It is within this context that Robredo’s presidential campaign operates. She is viewed as a caring “mother” willing to fight for her children – the Philippine nation – which fits into Philippine conceptions of what a woman should be. Robredo is also held to a higher standard of competency than her male competitors, forcing her to deal with more pressure and expectations, yet getting less respect and recognition. Worse, she is constantly attacked with misogynistic slurs, disinformation, and fake news. Her eldest daughter has even been targeted with a fabricated sex video meant to humiliate their family and derail their campaign.
This harassment is nothing new to Robredo, especially under President Rodrigo Duterte’s administration. Since Duterte and Robredo came from different political parties because the Philippines allows split-ticket voting for president and vice president, both have pursued conflicting policy stances. Duterte has shunned Robredo from his administration for opposing and criticising his policies, particularly the human rights violations in his “war on drugs.” Known for his misogyny and patriarchal authoritarianism, Duterte often uses sexist rhetoric to publicly embarrass Robredo. Duterte has teased her about her “love life,” ogled at her legs, and accused her of being a “weak” leader on account of her gender.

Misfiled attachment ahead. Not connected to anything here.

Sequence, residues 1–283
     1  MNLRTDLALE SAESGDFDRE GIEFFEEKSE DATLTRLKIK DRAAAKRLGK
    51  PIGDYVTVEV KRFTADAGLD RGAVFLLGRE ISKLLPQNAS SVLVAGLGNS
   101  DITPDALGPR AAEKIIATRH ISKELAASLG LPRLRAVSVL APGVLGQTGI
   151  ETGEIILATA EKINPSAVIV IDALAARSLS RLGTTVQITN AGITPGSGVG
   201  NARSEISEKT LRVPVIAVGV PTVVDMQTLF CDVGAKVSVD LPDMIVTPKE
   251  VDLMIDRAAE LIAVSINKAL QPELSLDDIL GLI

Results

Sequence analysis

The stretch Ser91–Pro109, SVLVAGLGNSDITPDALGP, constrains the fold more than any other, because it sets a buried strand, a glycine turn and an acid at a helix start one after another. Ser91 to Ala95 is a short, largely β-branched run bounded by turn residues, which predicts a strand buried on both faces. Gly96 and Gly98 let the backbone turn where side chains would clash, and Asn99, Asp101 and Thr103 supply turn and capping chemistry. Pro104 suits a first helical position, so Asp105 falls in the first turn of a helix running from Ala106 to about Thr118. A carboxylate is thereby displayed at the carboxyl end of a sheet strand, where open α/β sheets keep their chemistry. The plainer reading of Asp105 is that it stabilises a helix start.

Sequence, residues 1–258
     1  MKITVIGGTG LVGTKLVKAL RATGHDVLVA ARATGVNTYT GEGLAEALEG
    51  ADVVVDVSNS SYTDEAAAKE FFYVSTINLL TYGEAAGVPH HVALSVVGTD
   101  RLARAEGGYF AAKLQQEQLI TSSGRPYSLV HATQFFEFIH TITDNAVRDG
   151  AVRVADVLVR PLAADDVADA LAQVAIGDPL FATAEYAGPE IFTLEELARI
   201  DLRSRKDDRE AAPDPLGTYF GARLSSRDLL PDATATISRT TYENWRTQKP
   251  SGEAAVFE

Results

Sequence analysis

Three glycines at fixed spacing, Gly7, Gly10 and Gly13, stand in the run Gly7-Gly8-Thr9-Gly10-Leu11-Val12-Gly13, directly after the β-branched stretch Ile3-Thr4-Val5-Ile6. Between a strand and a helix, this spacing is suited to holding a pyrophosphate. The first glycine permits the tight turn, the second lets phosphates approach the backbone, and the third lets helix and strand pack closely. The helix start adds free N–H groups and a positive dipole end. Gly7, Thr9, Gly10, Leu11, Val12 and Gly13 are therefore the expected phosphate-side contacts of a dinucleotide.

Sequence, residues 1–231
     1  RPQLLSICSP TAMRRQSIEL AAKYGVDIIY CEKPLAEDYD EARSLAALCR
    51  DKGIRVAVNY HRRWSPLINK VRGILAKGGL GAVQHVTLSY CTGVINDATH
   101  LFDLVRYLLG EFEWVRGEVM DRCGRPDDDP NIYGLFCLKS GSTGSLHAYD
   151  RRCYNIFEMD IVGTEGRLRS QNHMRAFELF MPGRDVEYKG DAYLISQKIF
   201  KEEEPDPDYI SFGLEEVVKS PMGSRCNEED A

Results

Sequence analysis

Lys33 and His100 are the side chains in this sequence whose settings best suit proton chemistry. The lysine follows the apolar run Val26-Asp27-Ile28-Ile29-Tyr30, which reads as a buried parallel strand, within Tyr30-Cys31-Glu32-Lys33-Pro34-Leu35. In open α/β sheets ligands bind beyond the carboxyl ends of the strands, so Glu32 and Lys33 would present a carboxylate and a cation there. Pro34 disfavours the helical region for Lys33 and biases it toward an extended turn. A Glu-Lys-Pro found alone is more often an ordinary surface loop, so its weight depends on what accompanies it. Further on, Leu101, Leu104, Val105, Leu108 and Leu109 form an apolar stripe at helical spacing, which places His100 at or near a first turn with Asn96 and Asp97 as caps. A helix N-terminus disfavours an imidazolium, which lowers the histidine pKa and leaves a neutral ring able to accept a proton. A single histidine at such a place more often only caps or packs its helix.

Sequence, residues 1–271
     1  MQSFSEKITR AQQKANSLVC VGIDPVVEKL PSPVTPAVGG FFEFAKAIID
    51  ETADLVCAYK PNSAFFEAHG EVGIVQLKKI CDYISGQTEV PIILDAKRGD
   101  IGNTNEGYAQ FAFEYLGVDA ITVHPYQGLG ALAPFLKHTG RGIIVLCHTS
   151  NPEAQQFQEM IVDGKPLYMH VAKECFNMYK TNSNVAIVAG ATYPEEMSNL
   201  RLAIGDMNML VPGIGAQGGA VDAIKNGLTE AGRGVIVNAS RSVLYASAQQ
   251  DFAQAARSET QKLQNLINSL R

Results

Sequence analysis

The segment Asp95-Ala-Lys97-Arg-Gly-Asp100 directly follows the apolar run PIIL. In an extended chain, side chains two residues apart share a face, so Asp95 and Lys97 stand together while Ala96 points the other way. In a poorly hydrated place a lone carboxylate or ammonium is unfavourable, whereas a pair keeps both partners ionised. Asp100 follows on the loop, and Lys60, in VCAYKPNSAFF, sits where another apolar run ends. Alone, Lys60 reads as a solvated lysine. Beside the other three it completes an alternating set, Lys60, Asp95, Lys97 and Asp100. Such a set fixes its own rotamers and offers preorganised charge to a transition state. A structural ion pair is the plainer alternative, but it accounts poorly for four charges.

Yet Robredo regards as her strengths what opponents say are weaknesses. During the pandemic, her empathy enabled her to swiftly respond to the public’s needs, effectively addressing the gaps in the Duterte administration’s COVID-19 response and claiming that “women provide leadership when it is absent.” Robredo also called out unfair criticisms of her “weak” leadership, noting how most male officials kept silent on Duterte’s contentious policies. “Even if I know the trolls will criticise me, I still call it out… I wasn’t afraid of the President getting mad… For me, that’s a sign of strength,” says Robredo.
To combat these gender stereotypes and biases requires constantly challenging traditional stereotypes of leadership that default to masculine behaviour. It is not enough that countries elect female heads of state and then become complacent about gender equality, as this reinforces the reality that women in power are the exception and not the norm. It will take generations and many more elections to transform perceptions on leadership and the political environments to be more accommodating to women. But as female politicians like Robredo step up to lead, nations will have to warmly embrace the idea that the best man for the job CAN BE a woman.
Andrea Chloe Wong holds a PhD in Political Science at the University of Canterbury in Christchurch, New Zealand. She formerly served as a Senior Foreign Affairs Research Specialist at the Foreign Service Institute of the Philippines and taught as Senior Lecturer at Miriam College, Philippines. Email: firstname.lastname@example.org